verbose_name of model fields is
retrieved. Also like model fields, however, an optional argument may be provided
to define a more fitting description. It's recommended to leave the first letter
lower-case, as it will be capitalized as necessary, automatically.
class EmailOptions(dbsettings.Group): enabled = dbsettings.BooleanValue('whether to send emails or not') sender = dbsettings.StringValue('address to send emails from') subject = dbsettings.StringValue()
In addition, settings may be supplied with a list of available options, through
the use of of the
choices argument. This works exactly like the
argument for model fields, and that of the newforms
A full list of value types is available later in this document, but the process and arguments are the same for each.
Once your settings are defined and grouped properly, they must be assigned to a location where they will be referenced later. This is as simple as instantiating the settings group in the appropriate location. This may be at the module level or within any standard Django model.
email = EmailOptions() class Image(models.Model): image = models.ImageField(upload_to='/upload/path') caption = models.TextField() limits = ImageLimits()
Multiple groups may be assigned to the same module or model, and they can even be combined into a single group by using standard addition syntax:
options = EmailOptions() + ImageLimits()
A single model is provided for database storage, and this model must be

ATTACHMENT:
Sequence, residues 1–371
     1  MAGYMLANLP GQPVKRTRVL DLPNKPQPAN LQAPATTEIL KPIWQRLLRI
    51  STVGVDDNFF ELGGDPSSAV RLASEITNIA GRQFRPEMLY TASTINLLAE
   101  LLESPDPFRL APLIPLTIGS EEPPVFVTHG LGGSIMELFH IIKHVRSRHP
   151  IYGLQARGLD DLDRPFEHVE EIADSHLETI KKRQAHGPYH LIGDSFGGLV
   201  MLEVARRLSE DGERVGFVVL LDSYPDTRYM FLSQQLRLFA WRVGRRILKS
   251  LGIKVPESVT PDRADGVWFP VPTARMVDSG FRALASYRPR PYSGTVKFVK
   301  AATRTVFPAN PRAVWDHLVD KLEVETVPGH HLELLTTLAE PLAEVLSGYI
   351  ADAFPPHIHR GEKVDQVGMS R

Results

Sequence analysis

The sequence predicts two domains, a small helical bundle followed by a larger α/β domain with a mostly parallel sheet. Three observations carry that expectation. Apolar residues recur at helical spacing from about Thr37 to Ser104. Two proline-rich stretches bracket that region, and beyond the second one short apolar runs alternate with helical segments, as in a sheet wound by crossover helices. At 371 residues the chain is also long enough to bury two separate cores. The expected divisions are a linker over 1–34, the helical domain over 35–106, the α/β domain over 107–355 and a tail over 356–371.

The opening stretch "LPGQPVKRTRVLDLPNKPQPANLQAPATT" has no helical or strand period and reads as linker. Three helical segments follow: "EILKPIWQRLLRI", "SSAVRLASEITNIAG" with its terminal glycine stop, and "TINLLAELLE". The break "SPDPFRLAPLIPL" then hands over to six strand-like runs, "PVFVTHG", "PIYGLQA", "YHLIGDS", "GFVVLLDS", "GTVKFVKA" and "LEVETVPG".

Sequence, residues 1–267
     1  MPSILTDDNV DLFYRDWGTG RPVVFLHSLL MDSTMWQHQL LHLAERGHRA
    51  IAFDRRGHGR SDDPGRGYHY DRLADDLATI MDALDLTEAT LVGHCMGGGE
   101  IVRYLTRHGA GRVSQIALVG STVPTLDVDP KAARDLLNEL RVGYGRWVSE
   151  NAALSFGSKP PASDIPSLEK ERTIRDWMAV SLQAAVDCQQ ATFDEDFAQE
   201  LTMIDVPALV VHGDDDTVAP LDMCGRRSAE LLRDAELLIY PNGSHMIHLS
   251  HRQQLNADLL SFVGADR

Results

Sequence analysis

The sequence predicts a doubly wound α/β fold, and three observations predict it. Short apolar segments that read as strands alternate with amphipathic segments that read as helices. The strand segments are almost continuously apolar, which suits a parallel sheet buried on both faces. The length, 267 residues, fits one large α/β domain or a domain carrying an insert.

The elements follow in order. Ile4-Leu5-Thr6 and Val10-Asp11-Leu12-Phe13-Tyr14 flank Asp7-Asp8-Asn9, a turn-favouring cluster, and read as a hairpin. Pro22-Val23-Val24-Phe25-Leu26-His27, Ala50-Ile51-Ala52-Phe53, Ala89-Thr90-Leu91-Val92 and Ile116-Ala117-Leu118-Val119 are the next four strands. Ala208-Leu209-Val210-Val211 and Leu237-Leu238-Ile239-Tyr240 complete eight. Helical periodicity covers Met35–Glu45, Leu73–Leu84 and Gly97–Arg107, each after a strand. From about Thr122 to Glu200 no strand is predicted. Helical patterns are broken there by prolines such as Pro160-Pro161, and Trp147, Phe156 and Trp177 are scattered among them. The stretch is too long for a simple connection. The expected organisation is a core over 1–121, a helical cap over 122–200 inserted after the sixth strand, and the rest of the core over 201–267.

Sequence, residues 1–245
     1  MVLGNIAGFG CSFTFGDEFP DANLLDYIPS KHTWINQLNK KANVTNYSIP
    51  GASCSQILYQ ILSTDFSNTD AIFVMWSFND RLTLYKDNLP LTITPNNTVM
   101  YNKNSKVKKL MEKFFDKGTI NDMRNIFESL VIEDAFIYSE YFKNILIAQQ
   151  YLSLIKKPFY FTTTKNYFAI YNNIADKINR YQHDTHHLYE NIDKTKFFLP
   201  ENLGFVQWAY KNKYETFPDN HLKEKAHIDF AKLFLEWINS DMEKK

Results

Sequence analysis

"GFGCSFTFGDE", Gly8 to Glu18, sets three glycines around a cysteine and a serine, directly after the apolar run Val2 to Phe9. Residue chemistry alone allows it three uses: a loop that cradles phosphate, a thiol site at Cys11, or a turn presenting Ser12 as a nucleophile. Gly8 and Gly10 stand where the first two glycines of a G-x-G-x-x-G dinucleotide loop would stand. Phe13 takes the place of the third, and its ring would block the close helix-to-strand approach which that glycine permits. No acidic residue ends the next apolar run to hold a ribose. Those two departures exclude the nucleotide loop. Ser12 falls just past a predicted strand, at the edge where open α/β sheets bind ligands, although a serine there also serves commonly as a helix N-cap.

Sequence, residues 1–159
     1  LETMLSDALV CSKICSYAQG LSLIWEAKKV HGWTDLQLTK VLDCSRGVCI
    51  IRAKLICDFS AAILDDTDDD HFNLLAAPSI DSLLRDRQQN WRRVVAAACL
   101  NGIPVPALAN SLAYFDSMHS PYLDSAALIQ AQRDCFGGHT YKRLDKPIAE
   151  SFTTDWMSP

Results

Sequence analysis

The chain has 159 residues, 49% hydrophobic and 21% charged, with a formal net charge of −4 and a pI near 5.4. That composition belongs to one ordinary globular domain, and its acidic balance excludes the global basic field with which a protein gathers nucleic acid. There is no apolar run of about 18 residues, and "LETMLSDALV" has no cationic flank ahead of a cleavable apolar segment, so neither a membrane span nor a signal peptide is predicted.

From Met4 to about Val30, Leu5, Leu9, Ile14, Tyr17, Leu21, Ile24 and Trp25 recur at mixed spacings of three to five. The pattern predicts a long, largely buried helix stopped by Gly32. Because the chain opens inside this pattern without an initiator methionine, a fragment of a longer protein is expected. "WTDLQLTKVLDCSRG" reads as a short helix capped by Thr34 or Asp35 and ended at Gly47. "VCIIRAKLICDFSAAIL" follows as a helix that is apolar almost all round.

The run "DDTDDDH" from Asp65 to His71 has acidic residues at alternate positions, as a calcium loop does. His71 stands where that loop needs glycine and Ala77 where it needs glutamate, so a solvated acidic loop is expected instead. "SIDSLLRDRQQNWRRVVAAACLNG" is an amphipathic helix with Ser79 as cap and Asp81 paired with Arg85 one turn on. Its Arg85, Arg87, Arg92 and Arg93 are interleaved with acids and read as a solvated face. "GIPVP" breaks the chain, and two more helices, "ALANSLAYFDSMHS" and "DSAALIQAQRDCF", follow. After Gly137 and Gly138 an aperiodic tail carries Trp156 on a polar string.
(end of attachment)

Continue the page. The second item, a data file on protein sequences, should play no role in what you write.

installed in your database before you can use the included editors or the
permissions that will be automatically created. This is a simple matter of
manage.py syncdb now that your settings are configured.
This step need only be repeate when settings are added to a new application, as it will create the appropriate permissions. Once those are in place, new settings may be added to existing applications with no impact on the database.
Using your settings
Once the above steps are completed, you're ready to make use of database-backed settings.
When first defined, your settings will default to
their values must be set using one of the supplied editors before they can be
considered useful. The editor will be available at the URL configured earlier.
For example, if you used the prefix of
'settings/', the URL
will provide an editor of all available settings, while
would contain a list of just the settings for
The editors are restricted to staff members, and the particular settings that will be available to users is based on permissions that are set for them. This means that superusers will automatically be able to edit all settings, while other staff members will need to have permissions set explicitly.
Accessing settings in Python
Once settings have been assigned to an appropriate location, they may be referenced as standard Python attributes. The group becomes an attribute of the location where it was assigned, and the individual values are attributes of the group.
If any settings are referenced without being set to a particular value, they
will default to
False in the case of
BooleanValue). In the
following example, assume that
EmailOptions``were added to the project after
the ``ImageLimits were already defined.
>>> from myproject.myapp import models # EmailOptions are not defined >>> models.options.enabled False >>> models.email.sender >>> models.email.subject # ImageLimits are defined >>> models.Image.limits.maximum_width 1024 >>> models.Image.limits.maximum_height 768